The other two guitar parts, which generate the stereo width, use the same rhythm, so at first listen you might mistake them for regular hard-panned double-tracks. However, the left-channel focuses on the middle voice of each chord (the third of each harmony) and the right-hand channel concentrates on the upper voice (the fifth of each harmony), and they only rarely alight on the same note. This means that when they’re summed to mono, they don’t sound ‘smoothed out’ or chorusey in the way that ‘same part in both channels’ double-tracks tend to — even though they do of course lose some subjective level relative to centrally panned sounds (eg. snare and bass), as you’d expect.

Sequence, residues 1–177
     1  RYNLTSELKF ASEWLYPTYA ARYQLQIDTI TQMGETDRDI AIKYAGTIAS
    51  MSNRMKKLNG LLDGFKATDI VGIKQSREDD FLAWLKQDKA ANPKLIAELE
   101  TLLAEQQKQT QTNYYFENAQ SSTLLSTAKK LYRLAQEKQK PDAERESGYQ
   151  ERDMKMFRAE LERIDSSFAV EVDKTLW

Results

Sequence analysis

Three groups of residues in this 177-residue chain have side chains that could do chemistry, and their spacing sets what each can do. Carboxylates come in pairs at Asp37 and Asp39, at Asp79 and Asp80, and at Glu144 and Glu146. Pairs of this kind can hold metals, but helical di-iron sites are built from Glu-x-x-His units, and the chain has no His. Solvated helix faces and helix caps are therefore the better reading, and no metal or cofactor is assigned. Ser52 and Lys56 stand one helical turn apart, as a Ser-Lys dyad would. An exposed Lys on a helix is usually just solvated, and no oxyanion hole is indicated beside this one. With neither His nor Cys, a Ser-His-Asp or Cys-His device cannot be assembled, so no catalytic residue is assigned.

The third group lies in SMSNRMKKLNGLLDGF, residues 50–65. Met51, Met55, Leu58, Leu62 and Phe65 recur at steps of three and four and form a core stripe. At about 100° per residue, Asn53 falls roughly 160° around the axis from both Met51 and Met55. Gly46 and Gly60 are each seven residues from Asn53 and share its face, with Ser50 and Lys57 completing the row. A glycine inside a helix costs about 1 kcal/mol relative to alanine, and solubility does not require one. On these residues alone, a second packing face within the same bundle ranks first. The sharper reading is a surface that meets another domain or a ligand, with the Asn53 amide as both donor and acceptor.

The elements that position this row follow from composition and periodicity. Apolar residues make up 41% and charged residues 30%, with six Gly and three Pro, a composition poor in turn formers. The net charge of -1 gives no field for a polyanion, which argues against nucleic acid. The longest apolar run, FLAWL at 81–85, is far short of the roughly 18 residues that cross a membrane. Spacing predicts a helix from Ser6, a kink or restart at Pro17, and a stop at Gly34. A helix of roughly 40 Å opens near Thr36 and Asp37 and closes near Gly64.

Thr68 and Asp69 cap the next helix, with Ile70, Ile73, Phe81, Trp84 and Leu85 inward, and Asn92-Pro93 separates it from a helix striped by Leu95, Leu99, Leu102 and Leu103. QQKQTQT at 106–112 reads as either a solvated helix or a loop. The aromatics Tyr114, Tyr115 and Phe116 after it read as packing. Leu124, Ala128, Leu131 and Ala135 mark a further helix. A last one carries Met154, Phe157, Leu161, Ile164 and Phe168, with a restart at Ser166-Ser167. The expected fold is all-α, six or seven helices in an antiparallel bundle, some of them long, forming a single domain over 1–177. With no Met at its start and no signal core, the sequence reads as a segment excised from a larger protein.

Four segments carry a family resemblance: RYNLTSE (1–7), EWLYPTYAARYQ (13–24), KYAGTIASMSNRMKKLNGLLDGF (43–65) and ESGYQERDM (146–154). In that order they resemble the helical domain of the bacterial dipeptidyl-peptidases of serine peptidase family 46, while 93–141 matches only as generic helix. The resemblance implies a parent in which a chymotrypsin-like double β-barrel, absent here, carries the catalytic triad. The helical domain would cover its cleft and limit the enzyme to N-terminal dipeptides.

The vocal tone is striking too, because it’s actually pretty muffled by modern standards, both rather tubby in the 350Hz region and also rather out-matched at the high end by the drums and percussion. Lyric transmission does suffer a little as a result, but on the plus side, the vocal timbre does significantly bolster the illusion of power from the band instruments, the implicit message being that if the singer’s busting a gut and is still fighting to be heard, then everyone else must be bloody loud! (And speaking of illusion, bear in mind that both lead guitarists used small Fender Champ combos while tracking this record, so don’t assume that you need massive stacks to get a big sound.) Leaving that aside, though, I can’t help thinking that the delayed onset of the lead vocal in chorus three (1:45) sounds suspiciously like it’s been the victim of a tardy punch-out... Mike Senior